b1caez01

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I think that I understand the problem...this is how it works on my system...give it a think :whistling: I do not use RWs.

1. you do your work on the hard drive
2. you save to the CD/DVD...like putting stuff into a closet and either shutting the door, because you're done, or leaving it open to put more stuff in
3. the CD/DVD is your storage closet and thus will be a system that the computer understands as needing to be closed or left open for further input...it is burning to a closed space...like forming a scab on a body wound, the computer will "close" up the burning wound, or if you want to burn more, it will not, thus leaving it open
4. if you want to alter something
5. return the main file to your hard drive
6. make your alterations
7. reburn the same file with alterations to the same disk with the same name and extension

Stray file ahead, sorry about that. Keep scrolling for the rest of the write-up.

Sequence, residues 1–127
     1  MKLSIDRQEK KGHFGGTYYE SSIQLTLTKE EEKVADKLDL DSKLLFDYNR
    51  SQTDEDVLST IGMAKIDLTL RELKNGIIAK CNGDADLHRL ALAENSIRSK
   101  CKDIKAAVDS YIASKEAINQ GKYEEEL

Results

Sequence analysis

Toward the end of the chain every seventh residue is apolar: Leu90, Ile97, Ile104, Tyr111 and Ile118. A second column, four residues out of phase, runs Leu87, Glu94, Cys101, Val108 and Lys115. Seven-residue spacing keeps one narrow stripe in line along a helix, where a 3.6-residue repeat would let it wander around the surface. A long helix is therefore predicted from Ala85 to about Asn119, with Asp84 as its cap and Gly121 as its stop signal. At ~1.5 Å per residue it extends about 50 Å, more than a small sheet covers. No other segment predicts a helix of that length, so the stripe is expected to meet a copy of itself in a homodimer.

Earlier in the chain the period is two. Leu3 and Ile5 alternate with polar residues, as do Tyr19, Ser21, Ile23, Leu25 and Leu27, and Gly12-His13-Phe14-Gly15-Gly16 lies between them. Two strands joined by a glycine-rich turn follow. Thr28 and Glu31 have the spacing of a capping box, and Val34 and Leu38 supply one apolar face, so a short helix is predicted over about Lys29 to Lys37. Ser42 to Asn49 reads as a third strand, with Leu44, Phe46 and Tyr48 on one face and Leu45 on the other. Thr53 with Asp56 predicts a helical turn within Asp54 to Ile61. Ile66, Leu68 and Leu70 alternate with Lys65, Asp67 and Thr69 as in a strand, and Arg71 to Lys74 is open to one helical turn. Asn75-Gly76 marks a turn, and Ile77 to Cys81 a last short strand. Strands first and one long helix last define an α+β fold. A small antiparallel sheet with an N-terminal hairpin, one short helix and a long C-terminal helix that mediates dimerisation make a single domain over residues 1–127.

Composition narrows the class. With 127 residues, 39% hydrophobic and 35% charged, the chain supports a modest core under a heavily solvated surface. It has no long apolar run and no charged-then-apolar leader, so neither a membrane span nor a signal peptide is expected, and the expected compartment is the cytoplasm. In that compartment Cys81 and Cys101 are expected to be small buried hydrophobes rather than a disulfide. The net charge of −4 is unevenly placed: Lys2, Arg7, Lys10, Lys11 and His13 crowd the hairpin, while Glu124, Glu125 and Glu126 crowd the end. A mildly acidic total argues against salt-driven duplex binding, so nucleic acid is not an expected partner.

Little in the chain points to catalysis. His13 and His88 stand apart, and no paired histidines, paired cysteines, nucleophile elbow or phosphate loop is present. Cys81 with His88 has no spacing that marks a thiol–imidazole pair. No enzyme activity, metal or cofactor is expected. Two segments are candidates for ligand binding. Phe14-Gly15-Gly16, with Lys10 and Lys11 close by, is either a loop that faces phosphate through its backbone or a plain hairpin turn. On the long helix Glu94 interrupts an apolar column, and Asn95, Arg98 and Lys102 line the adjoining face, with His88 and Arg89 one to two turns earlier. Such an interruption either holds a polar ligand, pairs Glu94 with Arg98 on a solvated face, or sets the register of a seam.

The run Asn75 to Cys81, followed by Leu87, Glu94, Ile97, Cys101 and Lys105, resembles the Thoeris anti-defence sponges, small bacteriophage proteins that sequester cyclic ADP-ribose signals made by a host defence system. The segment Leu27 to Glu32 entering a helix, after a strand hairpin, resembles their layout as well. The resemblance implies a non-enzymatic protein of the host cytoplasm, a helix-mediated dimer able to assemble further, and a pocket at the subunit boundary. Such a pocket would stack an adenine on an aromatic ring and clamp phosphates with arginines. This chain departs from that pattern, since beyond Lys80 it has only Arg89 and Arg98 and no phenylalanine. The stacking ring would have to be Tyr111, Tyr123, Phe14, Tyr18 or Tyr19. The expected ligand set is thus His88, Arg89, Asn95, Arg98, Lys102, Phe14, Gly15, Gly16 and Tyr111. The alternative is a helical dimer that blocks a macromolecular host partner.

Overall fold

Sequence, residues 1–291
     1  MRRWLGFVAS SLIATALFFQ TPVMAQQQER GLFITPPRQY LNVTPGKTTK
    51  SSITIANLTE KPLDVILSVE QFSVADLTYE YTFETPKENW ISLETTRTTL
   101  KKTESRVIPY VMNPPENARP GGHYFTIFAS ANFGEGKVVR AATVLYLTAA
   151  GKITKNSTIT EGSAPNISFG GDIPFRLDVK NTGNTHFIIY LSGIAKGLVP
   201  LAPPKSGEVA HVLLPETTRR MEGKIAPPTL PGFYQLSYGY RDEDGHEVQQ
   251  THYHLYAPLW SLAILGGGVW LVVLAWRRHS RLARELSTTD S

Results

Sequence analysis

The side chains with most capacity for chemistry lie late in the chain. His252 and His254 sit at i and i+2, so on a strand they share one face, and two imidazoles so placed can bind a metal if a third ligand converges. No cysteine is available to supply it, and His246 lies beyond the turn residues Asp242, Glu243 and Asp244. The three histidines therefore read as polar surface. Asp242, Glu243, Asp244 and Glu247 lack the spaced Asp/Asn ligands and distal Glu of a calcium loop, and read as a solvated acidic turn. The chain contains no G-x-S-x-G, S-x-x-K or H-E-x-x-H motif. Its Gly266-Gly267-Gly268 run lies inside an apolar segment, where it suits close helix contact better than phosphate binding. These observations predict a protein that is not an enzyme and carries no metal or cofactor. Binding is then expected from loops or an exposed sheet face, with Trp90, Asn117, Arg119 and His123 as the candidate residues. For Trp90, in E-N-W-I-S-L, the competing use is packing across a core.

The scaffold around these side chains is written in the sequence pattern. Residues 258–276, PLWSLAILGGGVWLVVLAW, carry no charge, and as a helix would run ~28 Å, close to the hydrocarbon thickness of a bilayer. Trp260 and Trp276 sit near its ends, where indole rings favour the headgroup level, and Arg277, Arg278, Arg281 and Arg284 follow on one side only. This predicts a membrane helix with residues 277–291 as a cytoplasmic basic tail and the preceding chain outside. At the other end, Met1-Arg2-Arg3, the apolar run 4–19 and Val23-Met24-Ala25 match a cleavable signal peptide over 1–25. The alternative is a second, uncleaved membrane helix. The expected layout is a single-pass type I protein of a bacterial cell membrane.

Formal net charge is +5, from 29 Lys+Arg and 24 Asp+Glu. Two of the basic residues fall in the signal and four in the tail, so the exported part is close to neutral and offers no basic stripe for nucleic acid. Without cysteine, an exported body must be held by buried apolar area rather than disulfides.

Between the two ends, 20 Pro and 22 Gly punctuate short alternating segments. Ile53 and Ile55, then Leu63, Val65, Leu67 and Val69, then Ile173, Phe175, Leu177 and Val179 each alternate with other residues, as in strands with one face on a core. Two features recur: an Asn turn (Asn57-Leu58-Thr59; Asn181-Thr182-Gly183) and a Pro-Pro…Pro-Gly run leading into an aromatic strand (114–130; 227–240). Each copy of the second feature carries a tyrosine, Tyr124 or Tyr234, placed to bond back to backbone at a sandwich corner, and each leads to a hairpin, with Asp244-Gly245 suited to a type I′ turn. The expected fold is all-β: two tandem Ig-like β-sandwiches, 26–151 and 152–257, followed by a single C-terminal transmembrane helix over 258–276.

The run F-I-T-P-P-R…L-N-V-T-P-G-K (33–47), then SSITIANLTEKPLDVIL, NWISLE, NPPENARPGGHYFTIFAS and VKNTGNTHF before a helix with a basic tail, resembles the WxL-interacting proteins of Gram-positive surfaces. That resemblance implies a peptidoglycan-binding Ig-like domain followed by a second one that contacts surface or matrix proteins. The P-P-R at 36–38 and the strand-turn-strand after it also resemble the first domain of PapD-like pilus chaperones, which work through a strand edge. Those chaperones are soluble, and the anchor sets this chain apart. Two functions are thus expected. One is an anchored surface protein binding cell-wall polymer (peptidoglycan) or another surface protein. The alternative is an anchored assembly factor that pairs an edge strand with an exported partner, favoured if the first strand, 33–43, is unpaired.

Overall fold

8. it will ask you if you want to over write the file already there
9. you say yes
10. and presto chango, you're done...
11. open the file from the CD/DVD to be sure all went well
12. if not, burn a new copy of the altered file to the same disk if you have room, and rename
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#10
Matt T

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CD-RW's are mistakenly viewed as floppies that you can drag and drop files back and forth from them. When you get a fresh disk you can burn files onto it then you can close it or leave it open.

If you leave it open or close it you can view the files any time you like.

If you close it you can do no more except for viewing the files.

However if you leave the disc open later on you can come back to it and delete everything on the disc and then reburn the changes back onto it. That is the only way to add to the data on the disc.

There are some programs that make a CD-RW work like a floppy disc, try google.

~Matt :whistling:

Edited by Matt T, 16 December 2007 - 08:59 PM.